Saturday, January 2, 2010
Lakers 109, Kings 108: A matter of adjustment (postgame thoughts and video)
By Andy Kamenetzky
It seems the Lakers are fostering a blueprint to beat inferior teams: Keep the game unnecessarily tight, then have Kobe Bryant hit a buzzer-beating game-winner. Easy peasy, or so it would appear this season. First against Miami, then Milwaukee, and now Sacramento, the latest victims of what appears a fallback counter against poor play. Seems kinda risky, but the approach is undeniably exciting. Suspenseful. And it allows fans yet another reason to chant "MVP" at the end of a game. Not that an excuse is needed for the Nation to all hail Mamba, of course. Dude's provided enough fireworks over the years, they'd probably chant it in reaction to Bryant's prowess at a salad bar. But hey, if the context actually fits, bonus.
Then again, some people dig the whole "playing 48 minutes, or at least a big chunk of them, at the top of your game" thing. For those roundball enthusiasts, Jekyll and Hyde halves, while undoubtedly offering their share of twists and turns, don't leave a good taste in the ol' craw. Save perhaps Pau Gasol, no Laker offered much consistency. Lamar Odom didn't come alive until the third quarter. Shannon Brown and Jordan Farmar were invisible before making their presence felt in the fourth quarter. Derek Fisher struggled horribly all game. Even Kobe, the game's hero, was 3-11 for 12 points over the first half before eventually exploding for another 27. All in all, a very uneven night for the Lakers. Especially on the defensive end, where the first half featured an often a shocking display of poor lockdown.
Sacto shot 61.4 percent from the field and dropped 50 percent of downtown shots launched. They also scored thirty points in L.A.'s paint, unacceptable for a team with Jason Thompson not only the closest thing to a low post threat, but contributing exactly zero points. Instead, it was wee fellas like Omri Casspi and (especially) Beno Udrih running back cuts or just taking defenders off the dribble or around the screen for easy scores at the rack. In the meantime, Spencer Hawes' thirteen points and four assists forced Lakers P.A. announcer Lawrence Tanter to repeat Hawes' name so often, he began varying the inflection just to keep things from getting monotonous. With all due respect to the grit and moxie the Sacramento Bee's Sam Amick rightfully thinks this team possesses, the Lakers were handing them scores on a silver platter, then offering to polish the platter. Because, you know, why be rude? It grew pretty ridiculous to watch.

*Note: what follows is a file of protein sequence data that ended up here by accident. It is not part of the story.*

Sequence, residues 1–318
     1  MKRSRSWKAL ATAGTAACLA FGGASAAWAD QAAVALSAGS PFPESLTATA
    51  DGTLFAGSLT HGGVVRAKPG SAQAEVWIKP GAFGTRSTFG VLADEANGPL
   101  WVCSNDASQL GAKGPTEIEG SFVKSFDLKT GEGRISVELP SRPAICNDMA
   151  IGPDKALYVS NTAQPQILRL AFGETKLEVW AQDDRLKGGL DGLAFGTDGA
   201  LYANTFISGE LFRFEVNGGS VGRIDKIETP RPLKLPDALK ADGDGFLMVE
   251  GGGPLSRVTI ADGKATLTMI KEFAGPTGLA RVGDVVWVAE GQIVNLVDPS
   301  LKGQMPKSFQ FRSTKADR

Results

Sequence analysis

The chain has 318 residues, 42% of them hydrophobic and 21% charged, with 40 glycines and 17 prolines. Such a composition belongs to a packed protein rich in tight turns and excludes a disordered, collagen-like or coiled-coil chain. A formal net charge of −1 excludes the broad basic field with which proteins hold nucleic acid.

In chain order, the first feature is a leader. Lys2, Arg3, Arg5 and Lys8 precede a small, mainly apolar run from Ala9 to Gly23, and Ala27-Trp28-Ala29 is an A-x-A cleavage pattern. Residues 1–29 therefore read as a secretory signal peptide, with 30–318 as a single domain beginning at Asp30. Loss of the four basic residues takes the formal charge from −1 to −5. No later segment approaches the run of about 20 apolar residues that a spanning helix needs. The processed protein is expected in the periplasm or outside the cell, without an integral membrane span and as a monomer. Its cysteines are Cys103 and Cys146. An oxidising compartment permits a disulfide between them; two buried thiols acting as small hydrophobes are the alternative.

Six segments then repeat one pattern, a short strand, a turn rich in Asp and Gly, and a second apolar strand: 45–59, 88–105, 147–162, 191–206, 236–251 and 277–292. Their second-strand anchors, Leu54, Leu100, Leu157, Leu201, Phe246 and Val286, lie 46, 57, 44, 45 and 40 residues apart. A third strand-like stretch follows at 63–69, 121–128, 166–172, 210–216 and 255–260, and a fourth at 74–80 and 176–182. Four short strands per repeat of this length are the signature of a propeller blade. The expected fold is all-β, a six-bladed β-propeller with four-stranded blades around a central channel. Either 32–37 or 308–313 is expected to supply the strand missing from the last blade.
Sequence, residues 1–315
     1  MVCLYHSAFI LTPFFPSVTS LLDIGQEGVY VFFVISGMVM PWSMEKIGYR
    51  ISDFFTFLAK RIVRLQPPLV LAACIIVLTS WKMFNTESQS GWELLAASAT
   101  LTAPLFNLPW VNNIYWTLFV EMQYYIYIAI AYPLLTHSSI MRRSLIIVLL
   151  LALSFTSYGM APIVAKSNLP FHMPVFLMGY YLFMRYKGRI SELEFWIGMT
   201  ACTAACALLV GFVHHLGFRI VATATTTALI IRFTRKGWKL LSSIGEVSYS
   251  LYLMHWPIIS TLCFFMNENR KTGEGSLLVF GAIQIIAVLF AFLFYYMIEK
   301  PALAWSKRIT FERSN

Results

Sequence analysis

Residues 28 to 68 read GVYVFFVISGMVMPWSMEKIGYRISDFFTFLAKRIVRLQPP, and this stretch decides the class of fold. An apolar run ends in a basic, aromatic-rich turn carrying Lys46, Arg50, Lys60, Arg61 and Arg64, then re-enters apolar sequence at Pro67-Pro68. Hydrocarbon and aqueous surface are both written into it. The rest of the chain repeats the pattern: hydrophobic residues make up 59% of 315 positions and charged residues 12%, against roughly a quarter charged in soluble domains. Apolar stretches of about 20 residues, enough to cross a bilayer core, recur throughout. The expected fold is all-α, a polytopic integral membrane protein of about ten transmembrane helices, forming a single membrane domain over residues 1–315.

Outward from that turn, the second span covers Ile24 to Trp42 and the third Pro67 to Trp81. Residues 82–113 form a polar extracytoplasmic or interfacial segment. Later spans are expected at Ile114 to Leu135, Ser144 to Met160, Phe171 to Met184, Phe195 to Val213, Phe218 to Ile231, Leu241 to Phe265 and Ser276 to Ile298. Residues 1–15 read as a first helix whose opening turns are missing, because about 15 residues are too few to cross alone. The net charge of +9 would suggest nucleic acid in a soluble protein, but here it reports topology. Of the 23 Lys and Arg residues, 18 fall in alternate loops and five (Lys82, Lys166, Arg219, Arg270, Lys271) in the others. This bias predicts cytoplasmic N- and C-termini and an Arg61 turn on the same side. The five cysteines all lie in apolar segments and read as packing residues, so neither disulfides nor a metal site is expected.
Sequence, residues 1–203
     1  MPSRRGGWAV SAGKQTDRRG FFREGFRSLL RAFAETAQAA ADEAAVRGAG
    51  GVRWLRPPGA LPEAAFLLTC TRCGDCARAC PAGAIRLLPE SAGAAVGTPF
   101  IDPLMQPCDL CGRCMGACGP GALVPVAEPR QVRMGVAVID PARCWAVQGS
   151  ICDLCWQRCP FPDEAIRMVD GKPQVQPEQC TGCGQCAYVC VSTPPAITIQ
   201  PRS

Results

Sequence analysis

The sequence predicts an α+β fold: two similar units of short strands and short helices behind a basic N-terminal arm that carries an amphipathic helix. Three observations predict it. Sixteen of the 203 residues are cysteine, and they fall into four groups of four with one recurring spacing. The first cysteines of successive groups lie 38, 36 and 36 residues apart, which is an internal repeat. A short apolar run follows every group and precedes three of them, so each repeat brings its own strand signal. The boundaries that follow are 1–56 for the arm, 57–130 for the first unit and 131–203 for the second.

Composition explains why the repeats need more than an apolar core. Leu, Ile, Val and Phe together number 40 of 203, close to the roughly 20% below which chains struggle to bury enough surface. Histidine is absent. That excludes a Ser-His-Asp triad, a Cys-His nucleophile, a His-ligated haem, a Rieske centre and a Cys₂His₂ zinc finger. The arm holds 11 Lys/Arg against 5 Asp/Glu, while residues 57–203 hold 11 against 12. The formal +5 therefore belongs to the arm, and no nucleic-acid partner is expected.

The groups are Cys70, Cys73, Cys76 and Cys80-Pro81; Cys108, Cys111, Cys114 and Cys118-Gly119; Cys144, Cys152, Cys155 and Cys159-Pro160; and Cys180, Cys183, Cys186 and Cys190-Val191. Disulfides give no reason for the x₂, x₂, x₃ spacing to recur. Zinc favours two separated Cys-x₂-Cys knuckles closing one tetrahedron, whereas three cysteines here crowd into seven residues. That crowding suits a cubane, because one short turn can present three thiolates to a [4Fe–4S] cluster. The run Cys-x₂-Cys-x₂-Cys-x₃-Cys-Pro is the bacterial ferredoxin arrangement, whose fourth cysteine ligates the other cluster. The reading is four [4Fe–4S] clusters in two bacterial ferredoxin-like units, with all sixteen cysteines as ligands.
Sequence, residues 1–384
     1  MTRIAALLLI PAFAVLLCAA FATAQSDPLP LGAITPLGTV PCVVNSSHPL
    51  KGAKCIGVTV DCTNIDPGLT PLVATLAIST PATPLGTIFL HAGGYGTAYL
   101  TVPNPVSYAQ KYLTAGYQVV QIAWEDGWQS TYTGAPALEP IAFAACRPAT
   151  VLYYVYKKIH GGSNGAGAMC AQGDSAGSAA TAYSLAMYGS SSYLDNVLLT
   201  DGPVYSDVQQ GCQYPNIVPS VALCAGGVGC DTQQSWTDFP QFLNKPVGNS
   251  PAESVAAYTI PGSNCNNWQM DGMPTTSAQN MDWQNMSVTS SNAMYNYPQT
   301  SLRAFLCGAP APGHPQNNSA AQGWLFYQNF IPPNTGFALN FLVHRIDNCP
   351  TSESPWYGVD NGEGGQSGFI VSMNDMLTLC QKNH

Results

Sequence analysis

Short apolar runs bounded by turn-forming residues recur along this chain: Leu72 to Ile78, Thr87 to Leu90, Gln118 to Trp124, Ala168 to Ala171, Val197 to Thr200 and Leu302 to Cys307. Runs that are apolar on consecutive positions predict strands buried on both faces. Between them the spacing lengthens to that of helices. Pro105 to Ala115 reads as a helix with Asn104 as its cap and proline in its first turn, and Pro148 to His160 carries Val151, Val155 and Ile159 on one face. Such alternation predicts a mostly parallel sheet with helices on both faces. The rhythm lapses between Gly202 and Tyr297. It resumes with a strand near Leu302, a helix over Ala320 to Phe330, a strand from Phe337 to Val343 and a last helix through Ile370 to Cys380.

But after halftime wrapped up, we basically stopped watching it.
Instantaneously, the Lakers' energy and attention to defensive detail was night-and-day different. After helping themselves to 64 first half points, Sacto scored just 44 more. The Lakers were scrambling and hustling to cover scorers as the ball swung around. Difficult shots were forced. Turnovers (eight) were created. Three shots were blocked. Yes, breakdowns still occurred and Hawes continued getting his, but on the whole, the Lakers were much more effective slowing Sacramento. Had they played that way the entire game, we wouldn't be having this discussion.